EXAMPLE 14

The size of the long coil as shown in FIG. 29(f) or the stacked number of coils 193 and 194 was changed. A transformer was made from the two long coils as a primary winding and a secondary winding, respectively. This worked as a superconductive transformer.

EXAMPLE 15

FIGS. 32(a) and 32(b) show an example of superconductive shields having an shielding effect improved by the process of this invention. In FIG. 32(a), 221 denotes a magnetic shielding device made of a superconductive oxide, YBa2 Cu3 O7-x. To this device 221 was applied an electron beam of 2 MeV at 250 K. and 71017 e/cm2, thus obtaining a shielding device having radiation defects 223 introduced therein, as shown in FIG. 32(b). The Jc of the device 221 was raised from 800 A/cm2 to about 1440 A/cm2 (about 1.8 times). When a magnetic field was applied to the device, it was found that the shielding effect was improved.

EXAMPLE 16

FIGS. 33(a) and 33(b) show an example of superconductive power transmission wires having a performance improved by the process of this invention. In FIG. 33(a), 231 denotes a power transmission wire comprising a superconductive oxide of (La0.9 Sr0.1)2 CuO3. To this wire was applied an electron beam of 2 MeV at 250 K. and 51017 e/cm2, thus obtaining a power transmission wire having radiation defects 233 introduced therein, as shown in FIG. 33(b). The Jc of the wire as shown in FIG. 33(a) was 280 A/cm2, wehreas the Jc of the wire as shown in FIG. 33(b) was about 1.5 times greater than that of the wire as shown in FIG. 33(a). Thus, it was found that the wire was improved by the treatment according to this invention. Liquid He as a cooling medium was indicated by 234.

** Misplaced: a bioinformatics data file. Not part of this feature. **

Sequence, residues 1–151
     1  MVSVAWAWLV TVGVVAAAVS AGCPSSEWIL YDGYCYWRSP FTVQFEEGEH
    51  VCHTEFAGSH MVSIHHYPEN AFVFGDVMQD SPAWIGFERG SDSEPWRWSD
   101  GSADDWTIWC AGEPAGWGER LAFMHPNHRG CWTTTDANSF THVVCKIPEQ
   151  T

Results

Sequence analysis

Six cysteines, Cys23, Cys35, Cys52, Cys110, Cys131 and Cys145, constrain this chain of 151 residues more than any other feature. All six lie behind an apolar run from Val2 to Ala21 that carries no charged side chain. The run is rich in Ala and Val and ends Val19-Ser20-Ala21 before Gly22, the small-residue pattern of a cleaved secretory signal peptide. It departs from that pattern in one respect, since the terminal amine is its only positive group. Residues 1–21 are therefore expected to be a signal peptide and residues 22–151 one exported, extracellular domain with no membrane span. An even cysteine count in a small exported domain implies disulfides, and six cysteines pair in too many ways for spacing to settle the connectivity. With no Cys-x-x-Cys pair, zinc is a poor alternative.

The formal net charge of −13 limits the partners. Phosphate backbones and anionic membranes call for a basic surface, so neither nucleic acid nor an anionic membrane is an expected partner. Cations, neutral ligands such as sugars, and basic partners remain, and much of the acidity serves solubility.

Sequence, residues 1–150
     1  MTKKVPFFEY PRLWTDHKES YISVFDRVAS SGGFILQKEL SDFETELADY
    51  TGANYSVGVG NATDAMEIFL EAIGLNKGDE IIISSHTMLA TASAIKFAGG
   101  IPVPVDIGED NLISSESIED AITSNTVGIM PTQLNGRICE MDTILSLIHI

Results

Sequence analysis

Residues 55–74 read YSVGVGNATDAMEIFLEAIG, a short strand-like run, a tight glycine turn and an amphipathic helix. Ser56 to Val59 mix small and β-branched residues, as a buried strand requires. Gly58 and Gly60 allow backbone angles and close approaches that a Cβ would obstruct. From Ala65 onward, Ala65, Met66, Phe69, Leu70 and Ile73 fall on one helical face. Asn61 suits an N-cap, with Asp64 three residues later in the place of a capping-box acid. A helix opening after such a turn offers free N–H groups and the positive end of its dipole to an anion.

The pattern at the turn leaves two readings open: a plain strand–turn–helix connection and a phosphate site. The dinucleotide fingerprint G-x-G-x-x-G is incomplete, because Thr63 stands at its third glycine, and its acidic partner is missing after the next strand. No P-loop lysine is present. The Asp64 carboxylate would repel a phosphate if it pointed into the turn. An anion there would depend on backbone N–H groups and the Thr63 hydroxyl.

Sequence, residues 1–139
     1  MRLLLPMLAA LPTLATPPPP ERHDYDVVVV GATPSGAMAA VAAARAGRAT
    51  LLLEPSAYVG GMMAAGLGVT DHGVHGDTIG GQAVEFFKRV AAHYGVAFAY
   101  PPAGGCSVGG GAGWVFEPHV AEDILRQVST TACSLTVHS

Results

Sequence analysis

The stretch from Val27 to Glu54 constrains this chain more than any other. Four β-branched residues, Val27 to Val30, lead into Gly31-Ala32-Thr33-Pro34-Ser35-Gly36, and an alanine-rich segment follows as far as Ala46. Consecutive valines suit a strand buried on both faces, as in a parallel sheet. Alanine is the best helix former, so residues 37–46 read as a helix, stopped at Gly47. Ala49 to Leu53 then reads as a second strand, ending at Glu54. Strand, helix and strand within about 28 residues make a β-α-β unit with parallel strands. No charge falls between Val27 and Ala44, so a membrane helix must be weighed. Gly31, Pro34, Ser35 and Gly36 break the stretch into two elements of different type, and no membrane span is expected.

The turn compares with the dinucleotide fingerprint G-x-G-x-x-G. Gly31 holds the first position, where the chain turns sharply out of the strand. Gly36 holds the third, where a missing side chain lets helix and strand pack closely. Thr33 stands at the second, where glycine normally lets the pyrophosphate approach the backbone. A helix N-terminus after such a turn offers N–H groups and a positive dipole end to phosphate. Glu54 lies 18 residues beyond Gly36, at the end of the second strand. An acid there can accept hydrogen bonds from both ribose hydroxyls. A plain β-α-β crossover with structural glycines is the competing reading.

TABLE 1__________________________________________________________________________    Process for Pre-         Preparing Conditions,Group    paring Samples         Size of Samples Composition of Samples                                       No.__________________________________________________________________________A   Firing Process (Reaction Pressureless Sintering Process)          ##STR1##       (La1-x Srx)2 CuO4-y                                       1          ##STR2##       (La1-x Bax)2 CuO4-y                                       2          ##STR3##       (Y1-x Bax)2 CuO4-y                                       3          ##STR4##       (Y1-x/2 Sc1-x/2 Bax)2                         CuO4-y   4         Sintering: 1100 C.  10 hrs.         Slicing in 0.1 mm thickB   Process for         Synthesis from Aqueous                         (La1-x Srx)2 CuO4-y                                       5    Adjusting Powder         Solution of Salts, Final Size                         (La1-x Bax)2 CuO4-y                                       6    (Coprecipitation,         Slicing in 0.1 mm thick                         (Y1-x Bax)2 CuO4-y                                       7    Wet-Adjust.)Thin Film MethodC   Vacuum    Substrate:      (La1-x Srx)2 CuO4-y                                       8    Evaporation         Saphire Monocrystal,    (MBE Method)         R plane, Temp. of         Substrate: -900 C.         O2 atmosphere: in order of         10-6 Torr         Film thickness: -0.001 mmD   Sputtering         Substrate: Glass                         (La1-x Srx)2 CuO4-y                                       9         Gas: Ar + O2, in order of         10-6 Torr         Temp. of Substrate: -300 C.E   Liquid    Single rolling: (La1-x Srx)2 CuO4-y                                       10    Quenching Cooling rate: 105  C./sec         Heating to hundreds C. in O2         atmosphere         Film thickness: -0.03 mm__________________________________________________________________________ (x: 0.05 ≦ x ≦ 0.5, y: unknown)